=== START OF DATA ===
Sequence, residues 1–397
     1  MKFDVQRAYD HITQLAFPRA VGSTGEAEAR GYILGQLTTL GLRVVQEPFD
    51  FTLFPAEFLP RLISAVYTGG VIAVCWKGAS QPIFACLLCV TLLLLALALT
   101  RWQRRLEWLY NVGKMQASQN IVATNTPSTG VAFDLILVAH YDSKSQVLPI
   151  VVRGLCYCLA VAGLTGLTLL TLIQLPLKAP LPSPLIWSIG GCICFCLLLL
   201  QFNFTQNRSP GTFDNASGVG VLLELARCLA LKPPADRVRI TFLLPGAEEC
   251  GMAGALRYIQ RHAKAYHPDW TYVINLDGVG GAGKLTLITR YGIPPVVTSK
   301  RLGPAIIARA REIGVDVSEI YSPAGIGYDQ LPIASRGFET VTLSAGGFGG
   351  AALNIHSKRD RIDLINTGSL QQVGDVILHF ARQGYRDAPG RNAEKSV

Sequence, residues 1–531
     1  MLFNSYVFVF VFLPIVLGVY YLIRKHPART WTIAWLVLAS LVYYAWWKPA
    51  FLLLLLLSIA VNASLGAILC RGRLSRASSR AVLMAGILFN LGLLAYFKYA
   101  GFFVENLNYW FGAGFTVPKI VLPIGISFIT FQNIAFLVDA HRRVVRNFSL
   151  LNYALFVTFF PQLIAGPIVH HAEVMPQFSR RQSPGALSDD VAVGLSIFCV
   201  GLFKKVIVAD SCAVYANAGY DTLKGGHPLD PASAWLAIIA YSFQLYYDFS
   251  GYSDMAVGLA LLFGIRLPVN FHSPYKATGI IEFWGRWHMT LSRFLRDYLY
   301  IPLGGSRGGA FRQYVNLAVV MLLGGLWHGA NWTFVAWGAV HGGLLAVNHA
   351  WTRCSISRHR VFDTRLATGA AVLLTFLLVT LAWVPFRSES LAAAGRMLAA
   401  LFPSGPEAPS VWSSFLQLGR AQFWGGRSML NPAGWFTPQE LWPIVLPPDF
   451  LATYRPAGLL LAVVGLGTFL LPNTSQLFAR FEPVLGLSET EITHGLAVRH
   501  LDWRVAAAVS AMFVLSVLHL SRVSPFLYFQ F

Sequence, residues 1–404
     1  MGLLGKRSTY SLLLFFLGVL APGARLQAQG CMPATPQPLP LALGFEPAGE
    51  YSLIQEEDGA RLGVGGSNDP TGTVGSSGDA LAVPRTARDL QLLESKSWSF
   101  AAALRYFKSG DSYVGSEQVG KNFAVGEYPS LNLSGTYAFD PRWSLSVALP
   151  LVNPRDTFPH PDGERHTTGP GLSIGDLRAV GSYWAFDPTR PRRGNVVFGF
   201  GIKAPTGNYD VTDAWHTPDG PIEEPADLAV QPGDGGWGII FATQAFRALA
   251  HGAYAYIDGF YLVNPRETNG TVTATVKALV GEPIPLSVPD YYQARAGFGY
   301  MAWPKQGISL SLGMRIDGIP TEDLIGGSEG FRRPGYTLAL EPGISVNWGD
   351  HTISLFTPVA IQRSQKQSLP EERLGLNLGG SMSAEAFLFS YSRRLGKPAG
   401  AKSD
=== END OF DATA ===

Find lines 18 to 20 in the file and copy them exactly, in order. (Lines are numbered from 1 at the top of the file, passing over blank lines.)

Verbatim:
   351  WTRCSISRHR VFDTRLATGA AVLLTFLLVT LAWVPFRSES LAAAGRMLAA
   401  LFPSGPEAPS VWSSFLQLGR AQFWGGRSML NPAGWFTPQE LWPIVLPPDF
   451  LATYRPAGLL LAVVGLGTFL LPNTSQLFAR FEPVLGLSET EITHGLAVRH